Do you ever find yourself saying these words:’stop biting your nails!’ or ‘don’t put that in your mouth!’ ?  I bet many of us have worked with children who seem to want to chew on everything.  This can be a very concerning behavior from a safety and hygiene perspective.  But if a child is engaging in this type of behavior, there has to be a reason.  This oral sensory input is meeting a need.  Let’s explore today why a child may seek this type of input and how we can help them get it in a more appropriate way.  

The oral sensory system is super important.  We can think about this system not only as the sense of taste (which we will focus on in a future post) but also oral motor input.  When the oral sensory system is working efficiently, children are able to eat a variety of foods with various textures, participate in oral hygiene routines easily, and are able to focus and regulate without seeking out additional chewing/oral motor input. However, not every child will process this information efficiently and therefore may need our help.

Why do some kids chew more than others?

It is developmentally appropriate and expected to see a young baby or toddler putting items in his mouth – this is one of the main ways babies begin to explore the world.  When a young child is upset, we frequently give them oral motor input like a pacifier or a bottle.  Oral input is calming.  As kids get older though, it is more concerning to see them putting items in their mouths.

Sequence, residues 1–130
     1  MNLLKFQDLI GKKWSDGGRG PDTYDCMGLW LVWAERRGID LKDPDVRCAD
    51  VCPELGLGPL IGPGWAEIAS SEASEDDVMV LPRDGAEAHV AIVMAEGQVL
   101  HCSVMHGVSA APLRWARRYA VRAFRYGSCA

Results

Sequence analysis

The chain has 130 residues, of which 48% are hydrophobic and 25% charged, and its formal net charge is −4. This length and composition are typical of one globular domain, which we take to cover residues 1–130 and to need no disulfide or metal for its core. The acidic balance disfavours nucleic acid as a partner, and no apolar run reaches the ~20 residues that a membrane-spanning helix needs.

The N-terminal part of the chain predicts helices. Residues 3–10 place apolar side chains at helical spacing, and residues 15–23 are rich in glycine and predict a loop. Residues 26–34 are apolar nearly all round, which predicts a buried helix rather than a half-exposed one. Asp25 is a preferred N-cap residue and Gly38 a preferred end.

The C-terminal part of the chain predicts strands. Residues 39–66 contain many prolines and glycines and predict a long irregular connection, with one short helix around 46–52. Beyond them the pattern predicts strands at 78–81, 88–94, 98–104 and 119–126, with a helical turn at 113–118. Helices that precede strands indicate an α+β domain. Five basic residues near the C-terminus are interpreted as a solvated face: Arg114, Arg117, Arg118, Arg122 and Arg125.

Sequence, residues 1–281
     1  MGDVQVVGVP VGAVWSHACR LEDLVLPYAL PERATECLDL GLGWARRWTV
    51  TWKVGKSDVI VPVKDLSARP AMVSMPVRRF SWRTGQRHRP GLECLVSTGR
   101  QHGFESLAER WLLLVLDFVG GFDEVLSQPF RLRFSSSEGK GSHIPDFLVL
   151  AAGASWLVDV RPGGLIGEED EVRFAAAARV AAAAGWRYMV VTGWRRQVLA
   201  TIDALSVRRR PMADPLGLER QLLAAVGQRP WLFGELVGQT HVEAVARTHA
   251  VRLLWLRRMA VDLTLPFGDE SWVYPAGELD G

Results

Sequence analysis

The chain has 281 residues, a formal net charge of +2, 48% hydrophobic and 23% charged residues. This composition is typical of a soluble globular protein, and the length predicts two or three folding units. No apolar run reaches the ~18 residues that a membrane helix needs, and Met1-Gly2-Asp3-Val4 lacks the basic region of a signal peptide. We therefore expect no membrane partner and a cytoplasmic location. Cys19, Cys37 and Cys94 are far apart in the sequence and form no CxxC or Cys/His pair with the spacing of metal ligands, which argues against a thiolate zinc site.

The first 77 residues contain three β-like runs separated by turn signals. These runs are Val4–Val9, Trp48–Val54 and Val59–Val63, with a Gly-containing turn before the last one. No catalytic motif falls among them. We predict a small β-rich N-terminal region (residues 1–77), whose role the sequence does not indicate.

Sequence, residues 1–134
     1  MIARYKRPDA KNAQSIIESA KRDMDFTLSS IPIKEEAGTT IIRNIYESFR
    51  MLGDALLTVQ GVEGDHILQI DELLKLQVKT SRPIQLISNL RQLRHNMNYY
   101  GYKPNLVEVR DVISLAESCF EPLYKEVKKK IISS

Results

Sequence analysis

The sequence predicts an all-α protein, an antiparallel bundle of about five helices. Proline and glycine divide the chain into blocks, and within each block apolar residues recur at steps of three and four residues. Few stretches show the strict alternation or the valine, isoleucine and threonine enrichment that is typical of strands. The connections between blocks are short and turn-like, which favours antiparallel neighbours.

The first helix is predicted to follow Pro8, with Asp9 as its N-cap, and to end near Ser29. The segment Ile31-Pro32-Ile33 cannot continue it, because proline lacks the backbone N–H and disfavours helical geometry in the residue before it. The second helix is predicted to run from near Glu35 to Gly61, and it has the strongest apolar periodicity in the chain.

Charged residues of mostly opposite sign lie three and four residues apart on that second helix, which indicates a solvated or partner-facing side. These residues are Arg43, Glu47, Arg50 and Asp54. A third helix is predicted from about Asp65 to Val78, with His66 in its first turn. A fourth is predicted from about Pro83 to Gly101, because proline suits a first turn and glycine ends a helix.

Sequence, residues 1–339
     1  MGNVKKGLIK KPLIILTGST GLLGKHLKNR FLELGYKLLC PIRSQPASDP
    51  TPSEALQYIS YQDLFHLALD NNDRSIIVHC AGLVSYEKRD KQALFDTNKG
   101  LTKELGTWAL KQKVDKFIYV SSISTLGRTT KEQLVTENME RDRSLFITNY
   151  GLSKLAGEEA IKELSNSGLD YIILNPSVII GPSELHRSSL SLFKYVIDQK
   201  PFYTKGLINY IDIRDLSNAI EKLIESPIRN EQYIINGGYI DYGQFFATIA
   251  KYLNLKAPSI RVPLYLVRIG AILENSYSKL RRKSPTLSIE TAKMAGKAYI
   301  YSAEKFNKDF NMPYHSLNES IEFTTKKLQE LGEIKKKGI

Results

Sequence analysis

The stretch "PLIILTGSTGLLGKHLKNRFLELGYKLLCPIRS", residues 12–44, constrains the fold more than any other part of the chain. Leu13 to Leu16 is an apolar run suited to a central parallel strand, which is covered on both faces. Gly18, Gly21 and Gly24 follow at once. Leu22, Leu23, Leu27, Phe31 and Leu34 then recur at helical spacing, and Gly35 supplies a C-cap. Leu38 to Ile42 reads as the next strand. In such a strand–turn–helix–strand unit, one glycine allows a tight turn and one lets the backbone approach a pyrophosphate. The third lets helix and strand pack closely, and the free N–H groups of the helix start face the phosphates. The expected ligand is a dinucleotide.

Here’s the thing – kids who chew really NEED to chew.  Simply asking them to stop will not work. Therefore, it is so important to get to the ‘why’.  Why is this child chewing?  When does it happen?  Are there any patterns?  Children who chew tend to underrespond to oral sensory input – meaning they need more input to self regulate.  They actively seek out that input by chewing on whatever they can.  In my personal experience, I tend to see children chew on their fingers/clothes when they are stressed/anxious, trying to focus, or bored.  A child may also chew to get deep pressure input through his jaw.  Getting to the ‘why’ will help you determine next steps. If a child is chewing because he is bored, keeping him actively engaged in activities with his hands may eliminate the chewing behavior.  However, if a child is chewing because he is seeking deep pressure input, he may need a different set of strategies.

When it comes to most sensory challenges, I like to think of ways to embed opportunities for children to get the input they need throughout the day within natural routines as well as exploring options for replacement of behavior.  You don’t necessarily always have to schedule a sensory break away from the child’s routine, or buy a bunch of special equipment. There is a lot you can do with what you have and within the child’s routine with a little creativity!  

Here are some ways you can help the child who chews on everything:

 

1.Heavy Work

It may seem really weird that I am talking about heavy work and moving your whole body in the context of kids who chew.  But if you think about it, you get a lot of deep pressure input through your jaw when you chew. A child may be seeking that deep pressure input through chewing.  Therefore, try incorporating heavy work activities into your day to help with chewing behaviors. Check out my previous posts here and here for ideas to get you started!